[Development] Incorporating Intel Threading Building Blocks into Qt? (Was: Evolving Qt's multithreading API)

Knoll Lars Lars.Knoll at digia.com
Mon Mar 4 11:49:43 CET 2013

On 2/28/13 5:01 PM, "Thiago Macieira" <thiago.macieira at intel.com> wrote:

>On quinta-feira, 28 de fevereiro de 2013 18.35.23, Sze Howe Koh wrote:
>> On 23 February 2013 00:16, Thiago Macieira <thiago.macieira at intel.com>
>> > On sexta-feira, 22 de fevereiro de 2013 19.26.06, Sze Howe Koh wrote:
>> >> Actually, I just realized that the open-source "flavour" of TBB is
>> >> licensed under GPLv2 (http://threadingbuildingblocks.org/Licensing).
>> >> Doesn't that mean that Qt TBB, if it were to become reality, can't be
>> >> licensed under the LGPL?
>> > 
>> > It's GPLv2+exceptions:
>> > 
>> > The source code of Threading Building Blocks is distributed under
>> > 2
>> > of the GNU General Public License, with the so-called "runtime
>> > 
>> > as follows (or see any header or implementation file):
>> >    As a special exception, you may use this file as part of a free
>> >    software
>> >    library without restriction.  Specifically, if other files
>> >    templates or use macros or inline functions from this file, or you
>> >    compile
>> >    this file and link it with other files to produce an executable,
>> >    file does not by itself cause the resulting executable to be
>>covered by
>> >    the GNU General Public License.  This exception does not however
>> >    invalidate any other reasons why the executable file might be
>> >    by
>> >    the GNU General Public License.
>> > 
>> > I believe it's the same exception as the one in GNU libstdc++
>> Apparently, one legal team out there came to the conclusion that, if a
>> non-GPL project incorporates TBB, someone with access to the project's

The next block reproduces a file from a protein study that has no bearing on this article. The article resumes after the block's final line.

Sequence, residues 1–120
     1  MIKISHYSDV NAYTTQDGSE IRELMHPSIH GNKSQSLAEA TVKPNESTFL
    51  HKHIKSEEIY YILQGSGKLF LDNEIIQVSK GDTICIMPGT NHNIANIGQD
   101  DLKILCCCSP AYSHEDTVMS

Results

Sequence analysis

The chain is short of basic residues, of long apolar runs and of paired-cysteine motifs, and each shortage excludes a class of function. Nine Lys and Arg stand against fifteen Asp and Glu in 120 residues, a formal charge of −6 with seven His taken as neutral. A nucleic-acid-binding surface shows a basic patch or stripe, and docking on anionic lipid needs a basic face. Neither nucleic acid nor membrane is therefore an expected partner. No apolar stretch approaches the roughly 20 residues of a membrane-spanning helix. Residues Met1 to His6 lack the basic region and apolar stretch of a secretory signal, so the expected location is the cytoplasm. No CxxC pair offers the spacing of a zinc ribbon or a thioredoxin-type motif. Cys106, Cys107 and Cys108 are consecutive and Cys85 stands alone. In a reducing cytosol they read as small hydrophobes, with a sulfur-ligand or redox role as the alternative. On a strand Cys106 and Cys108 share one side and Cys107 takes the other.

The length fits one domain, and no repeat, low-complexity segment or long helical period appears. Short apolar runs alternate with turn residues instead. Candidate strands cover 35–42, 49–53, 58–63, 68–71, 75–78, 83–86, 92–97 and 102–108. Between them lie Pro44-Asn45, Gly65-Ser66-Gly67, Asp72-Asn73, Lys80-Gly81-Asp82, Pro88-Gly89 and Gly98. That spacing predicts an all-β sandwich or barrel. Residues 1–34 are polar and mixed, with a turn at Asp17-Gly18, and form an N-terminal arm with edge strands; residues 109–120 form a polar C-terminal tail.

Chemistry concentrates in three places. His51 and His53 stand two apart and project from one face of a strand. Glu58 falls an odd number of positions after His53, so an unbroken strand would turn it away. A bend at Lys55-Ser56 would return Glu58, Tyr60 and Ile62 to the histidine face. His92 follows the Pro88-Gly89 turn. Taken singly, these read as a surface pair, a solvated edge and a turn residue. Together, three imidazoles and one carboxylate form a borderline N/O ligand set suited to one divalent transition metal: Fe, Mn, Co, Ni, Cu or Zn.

>> source could then re-release the whole project under GPL, even if it
>> was proprietary [1]
>"Some legal team" does not help, of course. But I did a little more
>and it looks like the exception is not like libstdc++'s. The one there is
>MUCH longer text. It's also not the short text found in GNU classpath.
>Moreover, I've just noticed it says "you may use this file as part of a
>software library". That means if you're not doing a free software
>library, it 
>does not apply.
>> It sounds a bit far-fetched to me, but it would probably be prudent
>> for us to get an official response from Digia's legal team before we
>> go ahead, right?
>Bit I can also check with Intel's legal team what the intention was. They
>not give a legal opinion, but the people behind TBB might be able to say
>their intention was.
>Also note that TBB is available under a commercial license too.
>> So, TBB is the shiniest at the moment, as it can replace all of
>> QtConcurrent's functionality and more. I'm happy to set up the project
>> to Qt-ify TBB, if people think it's a good idea and if we get a legal
>> green light.

The exception above unfortunately doesn't look good enough to me to
incorporate the whole thing into Qt, at least not as part of qtbase. I
think an add-on based on TBB might be possible.


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